High-flying Texas thrift operators turned the franchise into a mess. Under federally subsidized caretakers, it became a political football.

Larry McNabb wants to turn it into a money machine.

The operation in question is Bank of America Texas, an amalgam of failed Texas thrifts that already includes Sunbelt Savings and soon will encompass First Gibraltar Bank. The man of the hour is Mr. McNabb, who will become chairman and chief executive of BankAmerica Corp.'s growing Texas empire.

The task before Mr. McNabb is converting what will shortly be one of the largest Texas banking franchises into a living, breathing operation capable of competing with heavyweights that have been bulking up in Texas for years: Banc One Corp.; Chemical Banking Corp.; First Interstate Bancorp; and NationsBank Corp.

"BankAmerica is last to the party and is working with thrifts, to boot," said Stephens Inc. analyst Frank Anderson. "So Mr. McNabb faces a bigger challenge than other market entrants."

Mr. McNabb is unfazed, however. Having survived the rigors of melding the California branch operations of BankAmerica and merger partner Security Pacific Corp., "nothing scares me anymore," he says.

The executive, who is 43, will assume his new duties in Texas after BankAmerica completes the purchase of First Gibraltar.

California Systems to Be Imported

After presiding over BankAmerica's 825 California branches in 1990 and 1991, Mr. McNabb is upbeat about the 260 branches Bank of America Texas will have.

He plans to transplant California systems, procedures, and products. The company has already begun a mass-marketing campaign in the Lone Star State.

Mr. McNabb views the Texas transformation as fairly routine. "Once you get the model down, repeating it is not that difficult," he said. Still, Mr. McNabb faces some stiff challenges. Though inheriting $11 billion of Texas deposits, he will be hitting the ground with only $3 billion of loans.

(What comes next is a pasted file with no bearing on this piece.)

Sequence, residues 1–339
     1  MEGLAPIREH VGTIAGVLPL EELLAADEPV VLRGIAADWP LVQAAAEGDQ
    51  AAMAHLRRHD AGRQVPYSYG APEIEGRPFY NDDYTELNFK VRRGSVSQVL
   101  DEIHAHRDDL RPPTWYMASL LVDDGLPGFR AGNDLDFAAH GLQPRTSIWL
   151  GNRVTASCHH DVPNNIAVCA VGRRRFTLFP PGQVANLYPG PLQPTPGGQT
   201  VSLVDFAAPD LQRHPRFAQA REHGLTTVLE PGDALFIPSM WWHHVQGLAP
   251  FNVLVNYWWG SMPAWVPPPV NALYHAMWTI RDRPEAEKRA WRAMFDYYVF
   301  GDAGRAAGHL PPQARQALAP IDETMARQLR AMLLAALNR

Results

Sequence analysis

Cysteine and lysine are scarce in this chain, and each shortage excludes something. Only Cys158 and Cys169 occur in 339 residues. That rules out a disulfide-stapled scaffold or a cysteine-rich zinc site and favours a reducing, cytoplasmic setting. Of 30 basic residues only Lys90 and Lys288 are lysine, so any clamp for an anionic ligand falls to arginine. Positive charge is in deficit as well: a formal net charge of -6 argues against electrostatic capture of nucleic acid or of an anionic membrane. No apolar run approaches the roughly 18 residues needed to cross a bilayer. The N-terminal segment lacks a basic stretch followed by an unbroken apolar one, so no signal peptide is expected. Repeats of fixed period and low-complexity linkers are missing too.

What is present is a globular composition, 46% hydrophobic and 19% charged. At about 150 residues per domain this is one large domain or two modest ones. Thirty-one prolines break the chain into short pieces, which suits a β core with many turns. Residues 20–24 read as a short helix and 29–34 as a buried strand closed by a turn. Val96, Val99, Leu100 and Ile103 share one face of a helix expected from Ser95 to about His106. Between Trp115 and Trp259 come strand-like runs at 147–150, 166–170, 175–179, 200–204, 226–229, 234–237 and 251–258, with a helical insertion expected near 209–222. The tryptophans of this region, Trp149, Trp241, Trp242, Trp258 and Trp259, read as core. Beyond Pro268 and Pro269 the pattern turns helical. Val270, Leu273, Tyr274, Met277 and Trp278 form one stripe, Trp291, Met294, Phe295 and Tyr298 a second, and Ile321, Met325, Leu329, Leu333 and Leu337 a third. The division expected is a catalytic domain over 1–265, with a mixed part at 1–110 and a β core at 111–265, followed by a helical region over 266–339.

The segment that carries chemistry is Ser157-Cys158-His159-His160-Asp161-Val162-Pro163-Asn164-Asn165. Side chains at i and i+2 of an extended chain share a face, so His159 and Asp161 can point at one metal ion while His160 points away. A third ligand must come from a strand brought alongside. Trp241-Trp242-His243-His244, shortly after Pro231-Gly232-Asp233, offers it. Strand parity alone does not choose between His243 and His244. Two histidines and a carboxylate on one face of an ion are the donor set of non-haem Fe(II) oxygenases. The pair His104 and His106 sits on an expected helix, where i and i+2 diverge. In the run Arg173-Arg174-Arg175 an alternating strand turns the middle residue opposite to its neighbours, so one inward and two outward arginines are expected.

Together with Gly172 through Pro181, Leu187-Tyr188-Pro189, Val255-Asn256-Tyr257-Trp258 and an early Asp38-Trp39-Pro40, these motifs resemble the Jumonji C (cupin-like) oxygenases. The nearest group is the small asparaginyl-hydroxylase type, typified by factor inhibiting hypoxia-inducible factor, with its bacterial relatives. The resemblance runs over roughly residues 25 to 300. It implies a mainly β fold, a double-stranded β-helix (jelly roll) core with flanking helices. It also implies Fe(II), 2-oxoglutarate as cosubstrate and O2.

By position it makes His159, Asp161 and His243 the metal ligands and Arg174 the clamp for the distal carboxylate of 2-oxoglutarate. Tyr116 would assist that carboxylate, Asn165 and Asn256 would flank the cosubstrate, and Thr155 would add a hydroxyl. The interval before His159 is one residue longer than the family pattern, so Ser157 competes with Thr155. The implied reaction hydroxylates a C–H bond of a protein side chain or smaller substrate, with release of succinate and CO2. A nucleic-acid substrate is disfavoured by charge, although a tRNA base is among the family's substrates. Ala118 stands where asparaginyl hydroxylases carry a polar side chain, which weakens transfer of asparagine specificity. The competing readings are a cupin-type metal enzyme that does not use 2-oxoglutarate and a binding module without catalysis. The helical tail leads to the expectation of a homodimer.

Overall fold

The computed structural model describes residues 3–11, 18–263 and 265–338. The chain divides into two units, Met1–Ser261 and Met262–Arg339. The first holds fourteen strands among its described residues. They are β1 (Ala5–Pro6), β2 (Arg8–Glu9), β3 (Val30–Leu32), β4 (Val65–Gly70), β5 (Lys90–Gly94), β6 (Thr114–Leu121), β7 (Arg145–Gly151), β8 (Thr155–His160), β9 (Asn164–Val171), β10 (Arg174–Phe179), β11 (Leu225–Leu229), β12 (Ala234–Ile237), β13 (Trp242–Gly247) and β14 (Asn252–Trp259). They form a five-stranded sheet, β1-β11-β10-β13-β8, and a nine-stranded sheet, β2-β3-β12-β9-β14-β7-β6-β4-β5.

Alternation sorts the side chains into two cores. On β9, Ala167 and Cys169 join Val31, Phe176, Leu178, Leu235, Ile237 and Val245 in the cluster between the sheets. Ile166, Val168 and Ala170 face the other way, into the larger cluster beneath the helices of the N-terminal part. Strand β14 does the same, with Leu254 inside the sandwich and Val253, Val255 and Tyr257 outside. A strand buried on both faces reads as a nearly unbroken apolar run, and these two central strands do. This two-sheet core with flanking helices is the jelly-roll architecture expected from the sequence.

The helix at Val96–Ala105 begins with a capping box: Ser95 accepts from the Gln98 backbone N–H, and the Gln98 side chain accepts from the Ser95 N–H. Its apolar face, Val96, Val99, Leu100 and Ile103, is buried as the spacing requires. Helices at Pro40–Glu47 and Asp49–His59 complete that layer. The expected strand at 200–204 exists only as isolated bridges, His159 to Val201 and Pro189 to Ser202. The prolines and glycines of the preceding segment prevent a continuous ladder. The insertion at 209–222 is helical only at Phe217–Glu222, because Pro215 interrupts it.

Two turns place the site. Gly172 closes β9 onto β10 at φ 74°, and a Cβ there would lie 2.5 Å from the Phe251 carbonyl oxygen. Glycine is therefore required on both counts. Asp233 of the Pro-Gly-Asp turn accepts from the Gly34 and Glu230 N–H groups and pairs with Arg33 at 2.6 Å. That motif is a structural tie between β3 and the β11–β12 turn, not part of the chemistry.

Doubt on Loan Demand

"First Gibraltar and Sunbelt have vibrant consumer franchiser on the deposit side, but the question is whether BankAmerica can translate that into loan demand," said Richard Kneipper, a lawyer in the Dallas offices of Jones, Day, Reavis & Pogue.

One handicap: Texas law does not permit home equity loans - a cornerstone of consumer lending in most other states. Although Mr. McNabb says he will go right to work campaigning for a change, he is at the end of a long parade of Texas newcomers who have failed to sway state lawmakers.

And he will be working with branches that have not placed a serious emphasis on lending in at least half a decade. Before he puts his foot on the gas, there are people to be trained and systems to be installed.

The Backing of a Colossus

But the beauty of Mr. McNabb's situation is that he has the backing of a $170 billion-asset company, which seemingly would remove the Texas incursion from the realm of a make-or-break transaction.

And with Texas expected to become the nation's second-most-populous state in a few years, "you couldn't ask for a more spirited marketplace," said Mr. Anderson of Stephens.

The situation poses a fitting challenge for Mr. McNabb, a professed optimist who apparently loves to go to extremes of the sort he exhibited on his recent vacation in Hawaii, during which he played 162 holes of golf in just seven days.

Ignoring all of the difficulties that major players such as Banc One and First Interstate have faced in making a go of it in Texas, Mr. McNabb says the state "is doing incredibly well."

Though it seems obvious that Mr. McNabb is overstating his case, even skeptics would have to concede this point to the executive: "Selling a house in California and buying one in Texas is a pleasant experience."

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